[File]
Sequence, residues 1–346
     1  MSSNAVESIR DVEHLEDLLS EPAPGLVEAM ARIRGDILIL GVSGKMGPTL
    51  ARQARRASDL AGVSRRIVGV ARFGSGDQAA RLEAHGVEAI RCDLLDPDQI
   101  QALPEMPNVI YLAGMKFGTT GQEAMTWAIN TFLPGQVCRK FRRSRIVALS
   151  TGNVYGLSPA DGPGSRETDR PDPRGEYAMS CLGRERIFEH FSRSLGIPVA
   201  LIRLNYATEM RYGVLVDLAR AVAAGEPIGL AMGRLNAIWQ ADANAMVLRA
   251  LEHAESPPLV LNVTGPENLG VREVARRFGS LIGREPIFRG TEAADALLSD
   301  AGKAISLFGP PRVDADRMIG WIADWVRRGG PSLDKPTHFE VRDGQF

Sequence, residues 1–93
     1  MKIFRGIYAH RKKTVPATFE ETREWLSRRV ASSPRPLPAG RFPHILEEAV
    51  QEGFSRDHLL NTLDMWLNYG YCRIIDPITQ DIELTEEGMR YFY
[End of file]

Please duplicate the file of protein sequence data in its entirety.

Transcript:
Sequence, residues 1–346
     1  MSSNAVESIR DVEHLEDLLS EPAPGLVEAM ARIRGDILIL GVSGKMGPTL
    51  ARQARRASDL AGVSRRIVGV ARFGSGDQAA RLEAHGVEAI RCDLLDPDQI
   101  QALPEMPNVI YLAGMKFGTT GQEAMTWAIN TFLPGQVCRK FRRSRIVALS
   151  TGNVYGLSPA DGPGSRETDR PDPRGEYAMS CLGRERIFEH FSRSLGIPVA
   201  LIRLNYATEM RYGVLVDLAR AVAAGEPIGL AMGRLNAIWQ ADANAMVLRA
   251  LEHAESPPLV LNVTGPENLG VREVARRFGS LIGREPIFRG TEAADALLSD
   301  AGKAISLFGP PRVDADRMIG WIADWVRRGG PSLDKPTHFE VRDGQF

Sequence, residues 1–93
     1  MKIFRGIYAH RKKTVPATFE ETREWLSRRV ASSPRPLPAG RFPHILEEAV
    51  QEGFSRDHLL NTLDMWLNYG YCRIIDPITQ DIELTEEGMR YFY